The flashes appear to us as varying in colour: twilight/dusk flashes seem to be orangeish, while ones at night are a lime green. But there’s no evidence that colour has any effect on the fireflies, they only respond to the flashing pattern. That said, Seliger et al. (1982) showed that the colour is most visible for the time of day – lime green is best for night, and orange is best for twilight, and that their photoreceptors are adapted to seeing those specific emission spectra. According to Seliger et al. (1982), this is achieved not by differences in photorecptor pigments, but by coloured pigments in the retina that filter the incoming light.
The general procedure is as follows: the males fly towards the females, flashing their coded messages; the motionless females reply, the males fly closer, ad nauseam until they get together and copulate. The flashing of the male acts as an honest signal of the male’s fitness, with average or faster-than-average flashes being preferred (Branham & Greenfield, 1996).
Copulation lasts ~20 minutes, and each female mates only once, and multiple times under exceptional circumstances (Wing, 1984). The system is apparently very successful, as lampyrids rank as being very successful at mating (Rhainds, 2010).
Some males produce a very nutritious spermatophore to give to the females as a nuptial gift after mating (van der Reijden et al., 1997). It is transferred at the same time as ejaculation, but is moved to a special compartment, where it they are digested, the protein used to supply the oocytes in vitellogenesis.
Competition does occur. While in general, large males get to mate much more, when many males are around, smaller males are simply more agile and faster than the larger ones, and so they arrive at the female before the large males (Vencl & Carlson, 1998).
Most flashes are nothing more than crude glows just to signal presence, and are used in combination with pheromones for long-distance communication. Another factor to consider is the “shape” produced by the movement of the firefly while flashing; this can also be species- and gender-specific.
In some species and genera, there is dynamic flashing, which can rightly be called a conversation, with the flashes consisting of comments, questions and replies – they truly are as sophisticated as a language, and the control over them is very precise (Trimmer et al., 2001). The differentiation is very fine, with different species having different patterns, and the patterns are all sexually dimorphic. In some cases, e.g. in the case of Pteroptyx of Southeast Asia, these conversations last for months (Case, 1980). They can take place between individuals or in aggregations, the latter of which is even more interesting, considering that there needs to be some sort of synchronisation and that lampyrids are not social insects.
This synchronisation is generally sorted according to a system devised by Buck (1988). The synchrony can be continuous or discontinuous, the former being a regular flashing pattern among individuals and the latter being a pattern with the entire group flashing at the same time. Additionally, both of these can be in unison, i.e. all at the same time, or in a wave (like a Mexican wave).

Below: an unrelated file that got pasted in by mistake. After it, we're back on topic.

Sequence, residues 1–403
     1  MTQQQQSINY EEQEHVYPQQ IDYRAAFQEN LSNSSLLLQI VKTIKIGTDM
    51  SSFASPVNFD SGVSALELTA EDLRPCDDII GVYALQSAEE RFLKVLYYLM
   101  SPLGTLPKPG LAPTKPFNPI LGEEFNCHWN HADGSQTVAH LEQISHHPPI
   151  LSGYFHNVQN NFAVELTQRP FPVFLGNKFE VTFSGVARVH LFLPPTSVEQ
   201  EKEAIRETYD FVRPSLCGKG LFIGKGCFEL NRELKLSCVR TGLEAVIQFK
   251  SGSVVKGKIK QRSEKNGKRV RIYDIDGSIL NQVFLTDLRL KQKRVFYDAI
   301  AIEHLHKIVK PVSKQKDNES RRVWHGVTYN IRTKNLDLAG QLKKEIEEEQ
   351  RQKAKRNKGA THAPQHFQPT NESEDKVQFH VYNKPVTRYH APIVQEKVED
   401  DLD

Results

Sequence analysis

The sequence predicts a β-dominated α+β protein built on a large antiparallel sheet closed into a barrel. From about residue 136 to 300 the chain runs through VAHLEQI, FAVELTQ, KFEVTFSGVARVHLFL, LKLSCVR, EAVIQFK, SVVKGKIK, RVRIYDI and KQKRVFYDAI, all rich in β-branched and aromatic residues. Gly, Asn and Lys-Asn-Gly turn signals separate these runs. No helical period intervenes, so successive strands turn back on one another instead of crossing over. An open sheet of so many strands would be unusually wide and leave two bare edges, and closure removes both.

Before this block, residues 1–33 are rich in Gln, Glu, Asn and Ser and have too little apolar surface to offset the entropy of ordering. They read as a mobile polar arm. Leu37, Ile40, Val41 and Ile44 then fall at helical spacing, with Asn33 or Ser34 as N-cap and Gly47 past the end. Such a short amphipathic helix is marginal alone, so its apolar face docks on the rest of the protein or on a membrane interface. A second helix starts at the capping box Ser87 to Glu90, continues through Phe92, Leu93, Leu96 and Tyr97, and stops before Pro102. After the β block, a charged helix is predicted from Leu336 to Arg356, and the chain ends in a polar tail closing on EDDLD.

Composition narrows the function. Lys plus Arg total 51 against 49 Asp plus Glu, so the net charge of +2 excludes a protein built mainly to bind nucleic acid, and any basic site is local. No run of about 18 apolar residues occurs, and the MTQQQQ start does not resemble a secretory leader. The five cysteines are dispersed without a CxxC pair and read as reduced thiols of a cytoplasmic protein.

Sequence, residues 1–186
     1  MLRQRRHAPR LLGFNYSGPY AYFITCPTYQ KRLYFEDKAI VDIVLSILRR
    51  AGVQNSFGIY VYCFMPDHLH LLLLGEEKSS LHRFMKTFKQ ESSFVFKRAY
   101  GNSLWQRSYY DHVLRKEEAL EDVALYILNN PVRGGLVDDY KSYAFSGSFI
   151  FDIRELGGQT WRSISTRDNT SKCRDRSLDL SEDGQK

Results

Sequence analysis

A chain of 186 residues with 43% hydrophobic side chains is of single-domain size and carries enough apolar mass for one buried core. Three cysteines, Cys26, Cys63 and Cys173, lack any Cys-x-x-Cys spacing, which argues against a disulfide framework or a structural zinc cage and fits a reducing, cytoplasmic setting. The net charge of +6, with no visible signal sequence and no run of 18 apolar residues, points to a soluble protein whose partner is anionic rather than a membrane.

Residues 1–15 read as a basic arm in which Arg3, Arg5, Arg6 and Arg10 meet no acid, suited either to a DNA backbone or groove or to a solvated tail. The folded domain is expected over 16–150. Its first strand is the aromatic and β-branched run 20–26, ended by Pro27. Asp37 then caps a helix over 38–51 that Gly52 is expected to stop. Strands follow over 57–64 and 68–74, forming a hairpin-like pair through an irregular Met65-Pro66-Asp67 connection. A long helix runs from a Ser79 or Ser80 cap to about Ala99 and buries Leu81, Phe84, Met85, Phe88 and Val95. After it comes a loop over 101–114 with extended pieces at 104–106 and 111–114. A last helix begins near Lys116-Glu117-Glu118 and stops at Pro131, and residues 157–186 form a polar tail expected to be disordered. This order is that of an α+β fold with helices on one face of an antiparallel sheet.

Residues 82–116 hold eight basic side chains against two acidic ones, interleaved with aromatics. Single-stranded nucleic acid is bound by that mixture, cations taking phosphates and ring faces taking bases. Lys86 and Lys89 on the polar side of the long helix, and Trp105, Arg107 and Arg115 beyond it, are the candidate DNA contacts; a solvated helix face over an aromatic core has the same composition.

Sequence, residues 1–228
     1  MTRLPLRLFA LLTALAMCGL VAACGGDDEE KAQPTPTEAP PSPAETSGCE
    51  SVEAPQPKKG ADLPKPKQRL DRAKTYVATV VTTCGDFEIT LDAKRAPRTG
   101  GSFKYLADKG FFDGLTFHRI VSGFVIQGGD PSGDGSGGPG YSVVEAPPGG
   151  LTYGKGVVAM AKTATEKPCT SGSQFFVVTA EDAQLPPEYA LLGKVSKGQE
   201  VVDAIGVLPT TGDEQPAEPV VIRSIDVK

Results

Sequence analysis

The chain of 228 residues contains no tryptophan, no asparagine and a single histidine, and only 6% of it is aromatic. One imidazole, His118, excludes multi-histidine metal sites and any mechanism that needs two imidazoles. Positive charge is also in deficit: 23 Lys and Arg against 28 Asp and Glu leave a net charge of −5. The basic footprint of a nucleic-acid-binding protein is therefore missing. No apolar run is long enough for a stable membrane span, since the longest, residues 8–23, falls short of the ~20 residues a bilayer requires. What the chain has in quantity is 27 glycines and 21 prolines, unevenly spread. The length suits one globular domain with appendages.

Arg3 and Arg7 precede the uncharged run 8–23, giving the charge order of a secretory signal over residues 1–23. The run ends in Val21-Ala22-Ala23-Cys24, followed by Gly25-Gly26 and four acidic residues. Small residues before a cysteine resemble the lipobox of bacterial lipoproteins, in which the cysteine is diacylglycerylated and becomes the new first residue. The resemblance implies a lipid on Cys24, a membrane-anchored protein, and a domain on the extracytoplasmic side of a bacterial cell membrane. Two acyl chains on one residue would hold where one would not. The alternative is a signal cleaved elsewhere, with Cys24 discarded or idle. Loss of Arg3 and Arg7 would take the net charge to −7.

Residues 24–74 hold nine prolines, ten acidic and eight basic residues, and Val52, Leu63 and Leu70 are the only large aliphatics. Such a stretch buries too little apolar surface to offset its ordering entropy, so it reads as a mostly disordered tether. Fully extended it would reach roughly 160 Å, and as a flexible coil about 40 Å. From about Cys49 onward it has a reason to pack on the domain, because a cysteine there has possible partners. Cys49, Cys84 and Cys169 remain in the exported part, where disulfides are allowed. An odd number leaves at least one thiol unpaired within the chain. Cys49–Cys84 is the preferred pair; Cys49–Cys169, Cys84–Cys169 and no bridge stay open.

The flashing is controlled by the nervous system (hence the higher innervation of the photic organs), and the synchrony in aggregations by a pacemaker (Case & Buck, 1963). As further testament to the flexibility of this “language”, the control by the pacemaker is dynamic and occurs as a response to other visual clues; while the flashing patterns are built-in, the speed and fine control of the flashing depends on the environment.
As testament to just how much control they have over their flashing, consider Photuris females (Lloyd, 1965). They’re capable of mimicking the female flashes of other firefly females of the cohabitant Photinus and Pyractomena species, thus attracting the males of those species. They then eat them, as pictured above (Lewis & Cratsley, 2008). Hence their nickname as firefly femmes fatales. As a bonus, they also gain protection against jumping spiders from this behaviour, by acquiring lucibufagins (defensive steroids) from ingesting the males (Eisner et al., 2007).
And if that’s not amazing enough, get this: the Photuris males, in order to seduce the females, resort to also mimicking Photinus and Pyractomena, but only the males (Lloyd, 1980). This attracts the Photuris females and so they get to mate. In other words, this genus has lost its own method of communication and has to rely on mimicking others. Also, keep in mind that the femme fatale can recognise the mimicry and will respond differently to a male of its own species than to a male of the prey species; she also tends not to eat males of the same species.
A large worry nowadays (hopefully) is the gradual, but very noticeable, decline in firefly abundances. Morse (1914) described an event he saw in 1864, with “hundreds of fireflies flashing in unison”. It’s unheard of now to see such a sight in urban or suburban areas, and they’re becoming rarer in rural areas. The most likely culprits are, of course, insecticides and habitat destruction, but light pollution might also be a large factor. It’s a real shame, as such sights are sure to be pretty spectacular (and they have been the inspiration for artists over the centuries; cf. this very good movie).
Unlike the adults, the plesiomorphic condition in the larvae is for them to glow (Branham & Wenzel, 2003), a trait inherites from their cantharoid ancestry. They all produce light from the same photic organs on the ventral side of the 8th abdominal segment. Interestingly, the larval light of some lampyrids differs from the adult light in that it’s polarised (Seago et al., 2009) – this is also a pretty rare phenomenon in general. You can find them in any humid habitat at night, where they go hunting. They’re quite vicious predators, chemically sensing their prey (Schwalb, 1960) and injecting them with digestive juices with their mandibles. They then slurp up what remains and wipe their mouths using characteristic organs covered in small hooks on the 10th abdominal segment (see Appendix 1).